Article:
Maximizing the Value of Offshore Aquaculture Development in the Context of Multiple Ocean Uses
Global seafood demand is increasing due to population growth and higher per capita seafood consumption. Wild capture fisheries alone cannot meet this growing demand, which means that aquaculture production is likely to increase significantly in coming years. Aquaculture currently provides over 40% of global seafood production, and its share is projected to increase in the future (SOFIA 2014).
Locating aquaculture in the open ocean—often referred to as offshore aquaculture—can mitigate many of the spatial and environmental impacts associated with more traditional land based and nearshore aquaculture practices. Nonetheless, implementation of offshore aquaculture can be a complex and contentious process due to the wide range of uses and values in the oceans. For example, a range of economic uses, such as fisheries and shipping, interact with aquaculture both in terms of space and resources, while potential impacts on recreation, conservation, and ocean viewsheds are also important to consider.
Since offshore aquaculture is still relatively undeveloped in most of the United States, there is an opportunity to proactively manage its development. Scientifically-informed spatial planning can reduce conflicts among competing uses, minimize environmental impacts, and maximize the collective benefits provided by the ocean. SFG and collaborators are generating the practical analytical tools that managers and stakeholders need to address these issues. Specifically, the goal of this Sea Grant funded project is to develop a framework to inform marine spatial planning for offshore aquaculture to optimize the value and success of aquaculture development in the context of multiple ocean uses.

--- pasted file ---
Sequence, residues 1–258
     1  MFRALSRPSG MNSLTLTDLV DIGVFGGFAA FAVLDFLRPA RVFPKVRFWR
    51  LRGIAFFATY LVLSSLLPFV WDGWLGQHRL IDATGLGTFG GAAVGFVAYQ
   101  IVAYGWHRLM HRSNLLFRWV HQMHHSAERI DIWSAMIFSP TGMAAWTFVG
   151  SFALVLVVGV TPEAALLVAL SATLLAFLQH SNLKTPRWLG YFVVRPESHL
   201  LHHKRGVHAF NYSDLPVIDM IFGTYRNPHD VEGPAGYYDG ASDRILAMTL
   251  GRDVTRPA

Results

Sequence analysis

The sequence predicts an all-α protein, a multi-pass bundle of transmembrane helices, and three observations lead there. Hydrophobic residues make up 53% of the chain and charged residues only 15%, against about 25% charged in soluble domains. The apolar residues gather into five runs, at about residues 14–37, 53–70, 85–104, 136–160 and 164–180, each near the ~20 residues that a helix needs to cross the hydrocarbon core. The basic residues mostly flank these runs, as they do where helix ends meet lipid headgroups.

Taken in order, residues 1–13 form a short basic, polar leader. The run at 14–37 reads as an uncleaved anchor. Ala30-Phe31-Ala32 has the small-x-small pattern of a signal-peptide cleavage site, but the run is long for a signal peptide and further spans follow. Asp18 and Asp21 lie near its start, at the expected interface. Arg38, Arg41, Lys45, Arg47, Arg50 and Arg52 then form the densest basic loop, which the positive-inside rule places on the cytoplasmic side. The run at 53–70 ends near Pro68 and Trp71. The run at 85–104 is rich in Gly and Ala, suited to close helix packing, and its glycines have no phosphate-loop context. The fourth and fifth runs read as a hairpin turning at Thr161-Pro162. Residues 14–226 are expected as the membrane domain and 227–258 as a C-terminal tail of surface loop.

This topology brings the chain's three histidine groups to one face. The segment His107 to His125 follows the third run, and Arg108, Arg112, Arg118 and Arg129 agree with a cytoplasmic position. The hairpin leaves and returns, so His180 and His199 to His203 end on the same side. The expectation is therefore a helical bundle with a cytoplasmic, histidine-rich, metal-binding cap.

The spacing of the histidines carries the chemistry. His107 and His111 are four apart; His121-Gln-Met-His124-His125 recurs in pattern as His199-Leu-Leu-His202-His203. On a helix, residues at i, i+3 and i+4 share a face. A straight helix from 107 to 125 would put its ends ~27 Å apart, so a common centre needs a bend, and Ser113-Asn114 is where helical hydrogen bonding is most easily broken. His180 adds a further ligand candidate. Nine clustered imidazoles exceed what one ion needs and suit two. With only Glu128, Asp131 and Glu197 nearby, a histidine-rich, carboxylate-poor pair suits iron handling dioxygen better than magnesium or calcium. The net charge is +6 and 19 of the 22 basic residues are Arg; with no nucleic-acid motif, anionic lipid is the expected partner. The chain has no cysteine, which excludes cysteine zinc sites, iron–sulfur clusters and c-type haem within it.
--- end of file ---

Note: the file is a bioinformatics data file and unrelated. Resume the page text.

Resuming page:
Using southern California as a case region, this project will assess the potential conflicts and environmental impacts associated with open ocean aquaculture development. We are considering the development of three types of aquaculture - finfish, shellfish, and algal culture- and are using bioeconomic modeling and tradeoff analysis to identify spatial siting options for aquaculture that maximize benefits and minimize conflicts and negative impacts. The framework we develop will hopefully inform aquaculture planning and regulation development in California in order to maximize sustainable production. This framework can then be adapted to inform aquaculture siting across the US and globally. We aim to move the dialogue about offshore aquaculture development from a place of uncertainty regarding impacts and conflicts to a point where regulatory decisions can be made in a way that enhances compatibility with environmental regulations and a multitude of ocean uses.
Collaborators: Dr. Crow White, Rebecca Gentry, Dr. Carrie Kappel, Casey Maue, Joel Stevens, Dr. Rachel Simons, Dr. Libe Washburn, Tom Bell
photo credit: Becca Gentry